34 min

What We Get Wrong About Online Sex Work The Argument

    • News

This episode contains strong language.

The online content-hosting platform OnlyFans declared in August that it would ban all “sexually explicit content” from its website. After immense backlash from users, the company reversed that decision just six days later.

OnlyFans isn’t the only site to come under fire for providing a platform for adult content. Pornhub and Backpage have been threatened with restrictions over child exploitation and trafficking allegations. The National Center on Sexual Exploitation filed a lawsuit against Twitter, accusing it of allowing and profiting from human trafficking.

But a big part of this conversation includes legal sex work and the rights of sex workers. The move to online work has made it possible for performers to have a direct line to their clients and to the general public. And with the onset of the Covid-19 pandemic, such sites have provided an avenue for content creators to continue earning money.

In today’s episode, Jane Coaston speaks with two women who are intimately aware of the workings of the sex industry. Jamie Rosseland is an advocate for victims and survivors of trafficking. And Cherie DeVille is a 10-year porn veteran and a contributor to The Daily Beast.

Mentioned in this episode:

“What We Can Really Learn From the OnlyFans Debacle,” by Jessica Stoya on Slate

“OnlyFans Is Not a Safe Platform for ‘Sex Work.’ It’s a Pimp,” by Catharine A. MacKinnon in New York Times Opinion

“OnlyFans and the Future of Sex Work on the Internet,” an episode on NPR’s “1A” podcast

This episode contains strong language.

The online content-hosting platform OnlyFans declared in August that it would ban all “sexually explicit content” from its website. After immense backlash from users, the company reversed that decision just six days later.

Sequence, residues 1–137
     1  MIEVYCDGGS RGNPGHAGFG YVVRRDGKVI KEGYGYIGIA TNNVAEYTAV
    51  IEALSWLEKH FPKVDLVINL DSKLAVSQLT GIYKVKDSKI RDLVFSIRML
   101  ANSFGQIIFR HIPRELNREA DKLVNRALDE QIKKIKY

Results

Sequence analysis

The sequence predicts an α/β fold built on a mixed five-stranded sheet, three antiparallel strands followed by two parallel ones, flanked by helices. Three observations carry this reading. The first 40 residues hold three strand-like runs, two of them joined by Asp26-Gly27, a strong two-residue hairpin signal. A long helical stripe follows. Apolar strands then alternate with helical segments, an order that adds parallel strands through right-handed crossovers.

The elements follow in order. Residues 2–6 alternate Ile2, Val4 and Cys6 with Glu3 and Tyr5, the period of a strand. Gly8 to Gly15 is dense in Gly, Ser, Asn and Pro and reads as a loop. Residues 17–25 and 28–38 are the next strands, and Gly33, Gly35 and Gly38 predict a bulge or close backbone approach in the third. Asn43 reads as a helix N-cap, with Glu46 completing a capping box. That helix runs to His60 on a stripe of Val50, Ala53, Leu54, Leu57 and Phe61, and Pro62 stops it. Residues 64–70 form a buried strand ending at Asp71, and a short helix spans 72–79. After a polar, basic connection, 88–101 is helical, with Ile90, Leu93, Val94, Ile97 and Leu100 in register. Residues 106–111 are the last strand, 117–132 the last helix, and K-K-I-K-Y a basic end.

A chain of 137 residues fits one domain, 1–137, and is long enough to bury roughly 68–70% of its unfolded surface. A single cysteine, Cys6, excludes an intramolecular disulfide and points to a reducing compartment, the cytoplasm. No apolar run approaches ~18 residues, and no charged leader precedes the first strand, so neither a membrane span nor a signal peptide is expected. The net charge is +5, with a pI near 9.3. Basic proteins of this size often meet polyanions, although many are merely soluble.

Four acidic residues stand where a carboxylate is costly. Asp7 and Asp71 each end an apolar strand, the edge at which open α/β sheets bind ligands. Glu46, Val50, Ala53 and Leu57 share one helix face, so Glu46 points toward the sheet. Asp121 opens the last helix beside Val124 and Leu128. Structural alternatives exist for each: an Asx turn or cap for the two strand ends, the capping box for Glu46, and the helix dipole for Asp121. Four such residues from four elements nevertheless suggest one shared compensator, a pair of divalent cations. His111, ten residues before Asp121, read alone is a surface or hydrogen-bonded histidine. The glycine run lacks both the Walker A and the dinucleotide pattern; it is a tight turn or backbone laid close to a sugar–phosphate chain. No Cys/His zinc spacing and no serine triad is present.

OnlyFans isn’t the only site to come under fire for providing a platform for adult content. Pornhub and Backpage have been threatened with restrictions over child exploitation and trafficking allegations. The National Center on Sexual Exploitation filed a lawsuit against Twitter, accusing it of allowing and profiting from human trafficking.

But a big part of this conversation includes legal sex work and the rights of sex workers. The move to online work has made it possible for performers to have a direct line to their clients and to the general public. And with the onset of the Covid-19 pandemic, such sites have provided an avenue for content creators to continue earning money.

In today’s episode, Jane Coaston speaks with two women who are intimately aware of the workings of the sex industry. Jamie Rosseland is an advocate for victims and survivors of trafficking. And Cherie DeVille is a 10-year porn veteran and a contributor to The Daily Beast.

Mentioned in this episode:

“What We Can Really Learn From the OnlyFans Debacle,” by Jessica Stoya on Slate

“OnlyFans Is Not a Safe Platform for ‘Sex Work.’ It’s a Pimp,” by Catharine A. MacKinnon in New York Times Opinion

“OnlyFans and the Future of Sex Work on the Internet,” an episode on NPR’s “1A” podcast

34 min

Top Podcasts In News

More by The New York Times